Federal contract law: Managing contractors is essential to transformation

Joseph J. Petrillo

Contractors have played a more direct role in the Iraq and Afghanistan conflicts'and their aftermath'than in any other modern campaign. They don't just tune Humvees or sling hash; sometimes they have a paramilitary role. For example, contractors appear to have had a hand in the unfolding prisoner abuse scandal.

What are the proper boundaries for contractor activity? The classic test has been that government personnel, soldiers included, should perform 'inherently government functions.' But how do we tell what functions are inherently governmental? When it comes to military activity, history offers many precedents.

One example is the Arsenale, which dominates the east end of Venice. Founded in the 11th century, by the 1400s it was the most impressive munitions factory in Europe. The Arsenale turned out the warships that guarded Venice's lucrative trade routes and outposts. This state-owned shipyard gave us many innovations, including the word arsenal, borrowed from the Arabic term for a factory. In sum, although we are used to contractors building weapons, that hasn't always been the case.

At the other end of the spectrum stands the privatized soldier, or mercenary. History's best example may be Xenophon. He signed on with a group of Greek mercenaries to fight in a dispute over the Persian throne. When the side he fought for lost, Xenophon led the surviving Greeks on a thousand-mile march home through hostile territory. His account of that journey, the Anabasis, is still a chestnut of classical education. In sum, although we are used to citizen-soldiers who enlist or are drafted, history has other examples to offer.

Therefore, the words 'inherently governmental' offer little practical guidance. So, how do we determine the proper role of contractors in military conflicts? The most important part of the answer isn't a procurement matter at all. Contractors must fit into the military doctrine appropriate for the conflict.

The Defense Department's After-Action Report for the Kosovo operation, in January 2000, concluded that contracting worked well for normal circumstances, but stated: 'In general, the Department needs to better anticipate instances where contractor support might be required and have plans in place for rapid implementation.'

But if outsourcing has outrun doctrine, then we are just improvising.

The next parameter is the legal status of contractor personnel. In peacetime operations, this can be defined in a status-of-forces agreement. But there are no such agreements in hostile territory. The Military Extraterritorial Jurisdiction Act of 2000 tried to fill this void, but the Pentagon needs to revisit this area in the light of recent experience and current challenges.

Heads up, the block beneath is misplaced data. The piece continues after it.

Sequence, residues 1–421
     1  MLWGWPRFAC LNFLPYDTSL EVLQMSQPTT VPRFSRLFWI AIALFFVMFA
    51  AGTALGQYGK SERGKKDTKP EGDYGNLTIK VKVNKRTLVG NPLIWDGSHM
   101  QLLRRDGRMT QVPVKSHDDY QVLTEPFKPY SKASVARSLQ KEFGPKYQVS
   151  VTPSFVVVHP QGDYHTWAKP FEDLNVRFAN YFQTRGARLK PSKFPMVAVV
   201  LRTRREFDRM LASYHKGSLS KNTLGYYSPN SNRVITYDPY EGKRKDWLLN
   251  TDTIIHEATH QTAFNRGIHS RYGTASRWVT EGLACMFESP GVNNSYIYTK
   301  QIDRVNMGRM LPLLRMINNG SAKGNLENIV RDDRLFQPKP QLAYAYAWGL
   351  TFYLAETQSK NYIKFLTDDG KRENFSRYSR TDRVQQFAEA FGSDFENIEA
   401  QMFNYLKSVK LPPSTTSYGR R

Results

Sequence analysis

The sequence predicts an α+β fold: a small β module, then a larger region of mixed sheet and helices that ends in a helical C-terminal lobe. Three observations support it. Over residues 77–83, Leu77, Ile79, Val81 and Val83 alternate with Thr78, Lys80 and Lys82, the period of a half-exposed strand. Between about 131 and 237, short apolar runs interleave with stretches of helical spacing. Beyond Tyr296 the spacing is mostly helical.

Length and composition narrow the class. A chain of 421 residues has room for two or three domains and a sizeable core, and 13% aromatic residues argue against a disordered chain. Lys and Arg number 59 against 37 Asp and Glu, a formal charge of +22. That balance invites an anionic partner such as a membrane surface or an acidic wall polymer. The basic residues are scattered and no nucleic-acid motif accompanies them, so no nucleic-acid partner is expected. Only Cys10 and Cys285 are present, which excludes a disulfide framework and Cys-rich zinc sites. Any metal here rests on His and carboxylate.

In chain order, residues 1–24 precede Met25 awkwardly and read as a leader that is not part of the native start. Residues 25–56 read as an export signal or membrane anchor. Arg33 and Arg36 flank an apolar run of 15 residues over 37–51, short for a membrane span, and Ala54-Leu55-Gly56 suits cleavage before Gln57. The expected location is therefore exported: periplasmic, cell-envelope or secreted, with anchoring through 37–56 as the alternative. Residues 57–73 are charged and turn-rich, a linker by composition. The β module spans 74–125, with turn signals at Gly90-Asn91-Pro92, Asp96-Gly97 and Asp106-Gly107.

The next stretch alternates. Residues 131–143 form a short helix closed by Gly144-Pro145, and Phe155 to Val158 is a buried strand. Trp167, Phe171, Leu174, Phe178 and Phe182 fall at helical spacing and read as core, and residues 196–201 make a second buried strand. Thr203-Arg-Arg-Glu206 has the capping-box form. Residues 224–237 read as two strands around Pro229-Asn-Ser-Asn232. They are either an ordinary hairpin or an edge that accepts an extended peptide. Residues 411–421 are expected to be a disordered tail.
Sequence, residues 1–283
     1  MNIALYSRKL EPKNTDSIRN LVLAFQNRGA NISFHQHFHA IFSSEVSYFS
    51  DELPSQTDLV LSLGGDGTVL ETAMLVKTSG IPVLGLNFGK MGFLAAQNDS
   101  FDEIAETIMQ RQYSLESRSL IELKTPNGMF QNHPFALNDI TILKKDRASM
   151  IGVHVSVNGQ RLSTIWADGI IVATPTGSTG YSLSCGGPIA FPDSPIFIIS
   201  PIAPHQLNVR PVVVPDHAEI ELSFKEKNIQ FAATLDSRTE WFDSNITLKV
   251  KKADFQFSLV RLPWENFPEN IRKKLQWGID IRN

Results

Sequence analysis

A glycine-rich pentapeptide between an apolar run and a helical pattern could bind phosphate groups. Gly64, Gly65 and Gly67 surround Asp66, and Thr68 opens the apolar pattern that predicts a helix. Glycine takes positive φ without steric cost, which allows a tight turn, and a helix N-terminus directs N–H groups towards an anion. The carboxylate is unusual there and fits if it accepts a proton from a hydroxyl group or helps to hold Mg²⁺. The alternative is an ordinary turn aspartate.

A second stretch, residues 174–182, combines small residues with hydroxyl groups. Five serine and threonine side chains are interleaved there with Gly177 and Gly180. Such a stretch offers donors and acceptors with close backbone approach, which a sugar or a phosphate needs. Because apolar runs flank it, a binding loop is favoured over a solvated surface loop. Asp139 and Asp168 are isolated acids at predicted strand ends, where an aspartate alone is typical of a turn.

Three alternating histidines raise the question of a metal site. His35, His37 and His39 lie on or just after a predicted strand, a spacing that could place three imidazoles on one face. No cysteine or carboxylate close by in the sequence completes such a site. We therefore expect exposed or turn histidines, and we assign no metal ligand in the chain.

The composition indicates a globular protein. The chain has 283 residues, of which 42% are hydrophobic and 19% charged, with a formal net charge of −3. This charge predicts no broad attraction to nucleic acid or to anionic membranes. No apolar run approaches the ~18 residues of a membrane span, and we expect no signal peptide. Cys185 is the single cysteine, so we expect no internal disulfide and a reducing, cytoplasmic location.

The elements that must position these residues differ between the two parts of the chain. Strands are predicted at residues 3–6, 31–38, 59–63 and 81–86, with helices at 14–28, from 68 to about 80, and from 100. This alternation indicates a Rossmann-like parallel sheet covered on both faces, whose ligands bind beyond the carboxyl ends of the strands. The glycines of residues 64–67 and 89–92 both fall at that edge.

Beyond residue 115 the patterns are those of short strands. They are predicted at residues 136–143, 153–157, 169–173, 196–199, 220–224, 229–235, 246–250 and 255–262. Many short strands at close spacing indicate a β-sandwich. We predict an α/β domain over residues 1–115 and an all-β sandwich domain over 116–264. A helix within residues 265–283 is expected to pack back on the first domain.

Finally, there are business considerations. Is a contract the most cost-effective way to field certain capabilities? It's likely that private security personnel are much more expensive than soldiers. But, in the short run, they may be the only way to fill the gaps in an overstretched force structure.

Several factors combine to ensure that many contracts in Iraq and Afghanistan are high-cost: urgency, lack of competition, extraordinary risk, and the use of umbrella contracts that layer administrative expenses and profit. The Pentagon just isn't in a great bargaining position.

Awarding the contract is just the beginning. Maj. Gen. George Fay's report on the Abu Ghraib prison concluded that military personnel had little understanding of how to manage contractor interrogators, and failed to provide proper oversight. Steven L. Schooner, a professor at the George Washington University Law School, persuasively argues in a law review article that this failure is just part of more widespread deficiencies in contract administration. It doesn't help that the government's cadre of experienced acquisition professionals has shrunk, even as reliance on contractors increases.

Contractors may retain their expanded role and become even more important in military operations. If so, managing them needs to be an equally important part of defense transformation.

Joseph J. Petrillo is a lawyer with the Washington law firm of Petrillo & Powell. E-mail him at [email protected].


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